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Rebecca Arnold

[née Pacanins y Nino, Maria Carolina Josefina]

(b Caracas, Jan 8, 1939).

Venezuelan fashion designer, active also in the USA (see fig.). While Herrera’s designs always contain elements of current fashion, her work is more about the cultivation of a sleek international style that is classically feminine. Her upbringing among the élite, leisured classes of South America encouraged her to view clothing as a visual expression of good taste and ease. Rather than following trends, her designs tend to favor clean lines, with a focus on detail.

Herrera was brought up in an environment where clothes were bought from Parisian couturiers, such as Cristobal Balenciaga, or made by skilled local dressmakers. In each case, craftsmanship and structure were important, combined with a desire to acknowledge wealthy women’s lifestyles within the design of each garment. Herrera therefore developed an appreciation for refined design skills and good fit early in her life, which was to prove crucial to her own evolution as a designer. Combined with this awareness of fashion’s central role in the life of wealthy women was her cosmopolitan outlook. This was nurtured by regular trips to Europe and North America, which provided inspiration through visits to galleries and museums, and gave her an understanding of the international lifestyle of many women of her class. The need of these women to be dressed stylishly and appropriately for diverse events from tennis matches to cocktail parties or office work in a city shaped Herrera’s outlook, as much as her appreciation of art and culture....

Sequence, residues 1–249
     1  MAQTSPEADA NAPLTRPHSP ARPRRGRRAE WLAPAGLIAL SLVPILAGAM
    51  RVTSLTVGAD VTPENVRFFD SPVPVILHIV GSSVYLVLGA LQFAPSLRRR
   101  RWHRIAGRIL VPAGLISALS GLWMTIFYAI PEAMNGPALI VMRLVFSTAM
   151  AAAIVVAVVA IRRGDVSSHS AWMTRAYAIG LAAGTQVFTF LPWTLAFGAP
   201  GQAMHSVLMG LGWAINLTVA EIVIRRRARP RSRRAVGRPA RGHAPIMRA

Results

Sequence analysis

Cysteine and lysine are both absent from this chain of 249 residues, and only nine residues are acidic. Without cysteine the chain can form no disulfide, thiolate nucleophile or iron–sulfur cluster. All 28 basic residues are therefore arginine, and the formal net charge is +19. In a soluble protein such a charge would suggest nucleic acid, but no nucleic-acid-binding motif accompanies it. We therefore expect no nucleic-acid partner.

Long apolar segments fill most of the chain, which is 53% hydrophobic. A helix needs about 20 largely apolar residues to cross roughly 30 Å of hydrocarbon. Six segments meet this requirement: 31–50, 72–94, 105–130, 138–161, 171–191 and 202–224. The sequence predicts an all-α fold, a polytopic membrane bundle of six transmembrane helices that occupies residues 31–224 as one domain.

Article

Kristen E. Stewart

(b Santo Domingo, Jul 22, 1932; d Kent, CT, Oct 20, 2014).

Dominican-born American fashion designer. De la Renta’s illustrious career spans nearly six decades and is part of the canon of American fashion design (see fig.). Known for flattering, highly wearable designs characterized by sophisticated femininity and romantic details, de la Renta made a name for himself both as a designer and as a man of style at the centre of prominent social circles.

Oscar de la Renta was born the youngest child and only boy in a family of six sisters, to a Dominican mother, Maria Fiallo, and a Puerto Rican father, Oscar Ortiz de la Renta. Raised under the matriarchal rule of his maternal grandmother, de la Renta’s childhood experiences in the lushly tropical community surrounded by grand and proper women in crisply starched ruffles shaped his perception of femininity as strength. The regalia of the Catholic Church and the aristocratic European glamour of an uncle’s Russian mistress supplied his romantic nature with an exotic aesthetic vocabulary....